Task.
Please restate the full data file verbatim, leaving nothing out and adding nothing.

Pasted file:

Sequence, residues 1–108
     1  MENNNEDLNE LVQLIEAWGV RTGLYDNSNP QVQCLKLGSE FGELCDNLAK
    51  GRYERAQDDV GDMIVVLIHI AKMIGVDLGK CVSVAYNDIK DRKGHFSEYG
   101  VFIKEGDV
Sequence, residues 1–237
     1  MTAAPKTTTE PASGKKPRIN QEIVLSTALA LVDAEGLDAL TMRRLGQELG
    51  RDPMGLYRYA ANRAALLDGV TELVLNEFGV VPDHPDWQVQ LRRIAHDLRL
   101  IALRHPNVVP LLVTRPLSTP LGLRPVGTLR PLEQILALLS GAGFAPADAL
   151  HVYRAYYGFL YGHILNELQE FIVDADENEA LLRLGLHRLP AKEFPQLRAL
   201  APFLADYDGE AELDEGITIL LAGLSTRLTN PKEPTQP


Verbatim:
Sequence, residues 1–108
     1  MENNNEDLNE LVQLIEAWGV RTGLYDNSNP QVQCLKLGSE FGELCDNLAK
    51  GRYERAQDDV GDMIVVLIHI AKMIGVDLGK CVSVAYNDIK DRKGHFSEYG
   101  VFIKEGDV
Sequence, residues 1–237
     1  MTAAPKTTTE PASGKKPRIN QEIVLSTALA LVDAEGLDAL TMRRLGQELG
    51  RDPMGLYRYA ANRAALLDGV TELVLNEFGV VPDHPDWQVQ LRRIAHDLRL
   101  IALRHPNVVP LLVTRPLSTP LGLRPVGTLR PLEQILALLS GAGFAPADAL
   151  HVYRAYYGFL YGHILNELQE FIVDADENEA LLRLGLHRLP AKEFPQLRAL
   201  APFLADYDGE AELDEGITIL LAGLSTRLTN PKEPTQP